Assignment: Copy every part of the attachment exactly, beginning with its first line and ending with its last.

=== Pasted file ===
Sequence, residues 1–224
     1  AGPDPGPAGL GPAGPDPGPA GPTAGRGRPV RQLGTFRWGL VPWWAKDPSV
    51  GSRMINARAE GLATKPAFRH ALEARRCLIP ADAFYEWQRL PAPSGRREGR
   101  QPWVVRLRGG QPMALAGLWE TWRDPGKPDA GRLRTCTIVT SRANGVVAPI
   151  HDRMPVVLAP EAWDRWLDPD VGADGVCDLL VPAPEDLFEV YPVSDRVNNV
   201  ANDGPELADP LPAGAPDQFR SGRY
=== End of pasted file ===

Sequence, residues 1–224
     1  AGPDPGPAGL GPAGPDPGPA GPTAGRGRPV RQLGTFRWGL VPWWAKDPSV
    51  GSRMINARAE GLATKPAFRH ALEARRCLIP ADAFYEWQRL PAPSGRREGR
   101  QPWVVRLRGG QPMALAGLWE TWRDPGKPDA GRLRTCTIVT SRANGVVAPI
   151  HDRMPVVLAP EAWDRWLDPD VGADGVCDLL VPAPEDLFEV YPVSDRVNNV
   201  ANDGPELADP LPAGAPDQFR SGRY